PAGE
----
Slogging through traffic on his way home, Jason remembered that tomorrow was the day. He'd rescheduled his "annual" physical so many times that it was now biannual, and he knew he couldn't delay it any more. "I wonder whether I ought to tell him about the pain," he thought. It came only once in a while, mostly late at night after a big meal, but more and more often now. "Probably nothing," he thought. "Unless it's the big C."
He knew he'd have trouble sleeping that night. "If it's cancer," he thought, "I wonder how long I have?" He remembered his eighth grade homeroom teacher, who missed the three days right before Spring vacation, and never returned. "They know a lot more now," he thought, "but maybe they don't know much about this one. I should get things in order."
The next day, Jason did tell his doctor about the pain. It was serious, but treatable with a prescription. He's fine, now — physically. But Jason continues to suffer from a common pattern of thinking. Jason dreads.
If anticipating problems
is part of your job,
you risk carrying that
pattern of thinking
home with you, and
applying it in
inappropriate waysHe dreads magnificently. After a lifetime of worrying, he can now conjure up threatening, yet plausible, scenarios based on almost no real information, a talent that makes him a valuable member of any risk management team. And he pays a high price for it personally.
- You fret endlessly about things that you cannot prevent, avoid, or influence.
- You obsess about being late, even when you know that everyone else will be late, too.
- You worry about whether you worry too much or enough.
- When you aren't worrying enough, you downshift to a lower fear.
- Even when things are going well, you worry: "Something bad is coming, I just know it."
If anticipating problems is part of your job, you risk carrying that pattern of thinking home with you, and applying it in inappropriate ways. Dread turns joyous and fun experiences into painful burdens. Here are some tips for getting off your dreadmill.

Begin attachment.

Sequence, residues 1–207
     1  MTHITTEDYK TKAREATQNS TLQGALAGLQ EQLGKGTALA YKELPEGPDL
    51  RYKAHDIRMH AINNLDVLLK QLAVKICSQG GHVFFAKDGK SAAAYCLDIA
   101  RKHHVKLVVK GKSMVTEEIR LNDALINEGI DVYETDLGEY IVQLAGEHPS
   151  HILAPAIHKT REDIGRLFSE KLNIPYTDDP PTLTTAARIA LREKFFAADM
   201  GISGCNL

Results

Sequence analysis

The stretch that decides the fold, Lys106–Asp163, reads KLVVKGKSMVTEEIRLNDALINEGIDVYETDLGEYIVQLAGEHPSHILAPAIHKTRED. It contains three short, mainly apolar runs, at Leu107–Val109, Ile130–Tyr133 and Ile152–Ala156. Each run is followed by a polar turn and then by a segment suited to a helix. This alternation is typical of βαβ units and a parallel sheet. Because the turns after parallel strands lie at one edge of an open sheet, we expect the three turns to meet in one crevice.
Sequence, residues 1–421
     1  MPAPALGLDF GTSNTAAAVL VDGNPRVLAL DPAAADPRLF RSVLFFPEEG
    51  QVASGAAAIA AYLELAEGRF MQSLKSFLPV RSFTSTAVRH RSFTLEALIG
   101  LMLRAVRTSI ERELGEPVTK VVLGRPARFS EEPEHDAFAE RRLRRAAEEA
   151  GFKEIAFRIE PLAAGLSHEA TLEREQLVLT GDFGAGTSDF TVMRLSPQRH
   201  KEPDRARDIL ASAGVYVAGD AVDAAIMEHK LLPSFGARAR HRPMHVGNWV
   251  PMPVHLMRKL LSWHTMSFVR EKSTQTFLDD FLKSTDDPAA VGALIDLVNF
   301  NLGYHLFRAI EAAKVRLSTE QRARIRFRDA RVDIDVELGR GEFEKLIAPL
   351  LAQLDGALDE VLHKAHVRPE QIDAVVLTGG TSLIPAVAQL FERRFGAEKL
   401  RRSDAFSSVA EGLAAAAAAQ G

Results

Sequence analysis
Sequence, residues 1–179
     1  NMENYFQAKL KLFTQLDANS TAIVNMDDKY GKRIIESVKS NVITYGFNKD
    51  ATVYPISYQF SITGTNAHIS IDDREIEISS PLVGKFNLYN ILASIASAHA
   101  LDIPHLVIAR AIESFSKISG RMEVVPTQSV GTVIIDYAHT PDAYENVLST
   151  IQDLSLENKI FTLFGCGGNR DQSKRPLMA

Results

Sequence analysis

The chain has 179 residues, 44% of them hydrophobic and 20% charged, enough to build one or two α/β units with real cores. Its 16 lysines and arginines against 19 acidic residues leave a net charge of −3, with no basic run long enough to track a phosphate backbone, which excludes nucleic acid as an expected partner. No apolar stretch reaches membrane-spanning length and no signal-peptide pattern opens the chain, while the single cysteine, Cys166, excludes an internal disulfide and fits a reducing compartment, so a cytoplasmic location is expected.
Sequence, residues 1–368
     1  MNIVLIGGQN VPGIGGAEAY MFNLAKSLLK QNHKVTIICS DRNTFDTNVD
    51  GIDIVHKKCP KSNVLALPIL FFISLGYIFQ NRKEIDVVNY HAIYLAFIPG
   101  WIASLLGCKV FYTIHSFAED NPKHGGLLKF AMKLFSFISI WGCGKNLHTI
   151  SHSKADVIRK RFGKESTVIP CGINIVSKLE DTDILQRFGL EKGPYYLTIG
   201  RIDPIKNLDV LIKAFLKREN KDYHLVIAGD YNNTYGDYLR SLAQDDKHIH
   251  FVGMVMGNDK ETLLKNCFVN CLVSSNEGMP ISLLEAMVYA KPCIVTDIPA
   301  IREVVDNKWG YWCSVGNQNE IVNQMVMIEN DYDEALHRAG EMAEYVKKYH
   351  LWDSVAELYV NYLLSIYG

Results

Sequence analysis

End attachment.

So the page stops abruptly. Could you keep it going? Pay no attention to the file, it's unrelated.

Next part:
- Acknowledge the value of worry. It helps you anticipate trouble and plan for it.
- Track the effectiveness of your worrying. Is it worth the effort?
- Track the time you spend worrying. Become aware of how much a part of your life worrying has become.
- Track the time you spend fantasizing about wonderful things. If it's a lot less than your worry time, spend more time at it.
- Hang a picture of Mark Twain on your wall with this quote: "I have been through some terrible things in my life, some of which actually happened."
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More articles on Emotions at Work:
- Peek-a-Boo and Leadership
- Great leaders know what to say, what not to say, and when to say or not say it, sometimes with stunning
effect. Consistently effective leadership requires superior empathy skills. Here are some things to
do to improve your empathy skills.
- Reverse Micromanagement
- Micromanagement is too familiar to too many of us. Less familiar is inappropriate interference in the
reverse direction — in the work of our supervisors or even higher in the chain. Disciplinary action
isn't always helpful, especially when some of the causes of reverse micromanagement are organizational.
- Blind Agendas
- Effective meetings have agendas. But even if a meeting has an agenda, the hidden agendas of participants
can cause trouble. Another source of trouble, less frequently recognized, is the blind agenda.
- Toxic Conflict in Virtual Teams: Dissociative Anonymity
- Toxic conflict in teams disrupts relationships and interferes with (or prevents) accomplishment of the
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- Quips That Work at Work: II